Navigation Links
Being 'Born-Again' Linked to More Brain Atrophy: Study
Date:5/25/2011

WEDNESDAY, May 25 (HealthDay News) -- Older adults who say they've had a life-changing religious experience are more likely to have a greater decrease in size of the hippocampus, the part of the brain critical to learning and memory, new research finds.

According to the study, people who said they were a "born-again" Protestant or Catholic, or conversely, those who had no religious affiliation, had more hippocampal shrinkage (or "atrophy") compared to people who identified themselves as Protestants, but not born-again.

The study is published online in PLoS ONE.

As people age, a certain amount of brain atrophy is expected. Shrinkage of the hippocampus is also associated with depression, dementia and Alzheimer's disease.

In the study, researchers asked 268 people aged 58 to 84 about their religious affiliation, spiritual practices and life-changing religious experiences. Over the course of two to eight years, changes to the hippocampus were monitored using MRI scans.

The researchers suggested that stress over holding religious beliefs that fall outside of the mainstream may help explain the findings.

"One interpretation of our finding -- that members of majority religious groups seem to have less atrophy compared with minority religious groups -- is that when you feel your beliefs and values are somewhat at odds with those of society as a whole, it may contribute to long-term stress that could have implications for the brain," Amy Owen, lead author of the study and a research associate at Duke University Medical Center, said in a Duke news release.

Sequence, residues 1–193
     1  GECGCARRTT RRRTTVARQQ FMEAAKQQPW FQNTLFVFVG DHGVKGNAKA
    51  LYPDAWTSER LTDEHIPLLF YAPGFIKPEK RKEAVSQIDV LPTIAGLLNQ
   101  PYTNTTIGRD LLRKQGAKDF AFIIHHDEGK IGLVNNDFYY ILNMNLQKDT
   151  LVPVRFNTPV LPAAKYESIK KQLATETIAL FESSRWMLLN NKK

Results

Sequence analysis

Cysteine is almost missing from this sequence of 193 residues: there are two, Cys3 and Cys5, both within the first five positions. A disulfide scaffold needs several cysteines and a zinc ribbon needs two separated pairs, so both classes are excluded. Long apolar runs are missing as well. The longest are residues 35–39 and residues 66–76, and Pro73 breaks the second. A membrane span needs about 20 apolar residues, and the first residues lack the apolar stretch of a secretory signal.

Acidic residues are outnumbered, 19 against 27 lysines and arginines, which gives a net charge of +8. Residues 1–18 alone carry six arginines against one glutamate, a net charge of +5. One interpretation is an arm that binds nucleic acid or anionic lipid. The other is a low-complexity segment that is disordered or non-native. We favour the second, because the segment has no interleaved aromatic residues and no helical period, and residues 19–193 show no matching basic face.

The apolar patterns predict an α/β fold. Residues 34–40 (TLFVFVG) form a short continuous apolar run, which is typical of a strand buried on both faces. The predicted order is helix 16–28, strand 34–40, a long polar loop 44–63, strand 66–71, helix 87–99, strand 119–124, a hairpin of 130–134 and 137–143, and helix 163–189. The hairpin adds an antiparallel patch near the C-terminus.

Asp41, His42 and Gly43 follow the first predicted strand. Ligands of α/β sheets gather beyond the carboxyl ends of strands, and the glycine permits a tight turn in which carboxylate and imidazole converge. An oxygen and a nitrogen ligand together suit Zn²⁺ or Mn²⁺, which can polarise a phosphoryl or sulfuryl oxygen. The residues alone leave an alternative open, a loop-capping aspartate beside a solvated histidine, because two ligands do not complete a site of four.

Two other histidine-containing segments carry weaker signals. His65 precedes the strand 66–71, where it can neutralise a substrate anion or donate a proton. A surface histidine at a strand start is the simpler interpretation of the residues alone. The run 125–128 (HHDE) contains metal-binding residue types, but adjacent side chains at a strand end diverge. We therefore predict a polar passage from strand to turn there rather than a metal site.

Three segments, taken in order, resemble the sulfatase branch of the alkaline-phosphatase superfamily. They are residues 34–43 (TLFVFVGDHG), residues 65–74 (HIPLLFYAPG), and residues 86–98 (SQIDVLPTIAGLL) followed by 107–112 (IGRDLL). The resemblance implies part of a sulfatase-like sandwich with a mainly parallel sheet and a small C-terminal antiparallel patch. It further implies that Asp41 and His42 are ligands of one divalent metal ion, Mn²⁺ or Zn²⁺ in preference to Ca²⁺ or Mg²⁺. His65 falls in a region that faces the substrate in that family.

The study authors also suggested that life-changing religious experiences could challenge a person's established religious beliefs, triggering stress.

"Other studies have led us to think that whether a new experience you consider spiritual is interpreted as comforting or stressful may depend on whether or not it fits in with your existing religious beliefs and those of the people around you," David Hayward, research associate at Duke University Medical Center, added. "Especially for older adults, these unexpected new experiences may lead to doubts about long-held religious beliefs, or to disagreements with friends and family."

The researchers noted other factors related to hippocampal atrophy, such as age, depression or brain size, as well as other religious factors such as prayer or meditation, could not explain the study's findings.

More information

The U.S. National Institute of Neurological Disorders and Stroke provides details on brain atrophy.

-- Mary Elizabeth Dallas

SOURCE: Duke University, news release, May 19, 2011


'/>"/>
Copyright©2010 ScoutNews,LLC.
All rights reserved  

Related medicine news :

1. What do policymakers know about the factors influencing peoples well-being?
2. Biting back: Research could lead to mosquitoes being susceptible to diseases they transmit
3. Teen Boys With Autism at Risk of Being Bullied: Study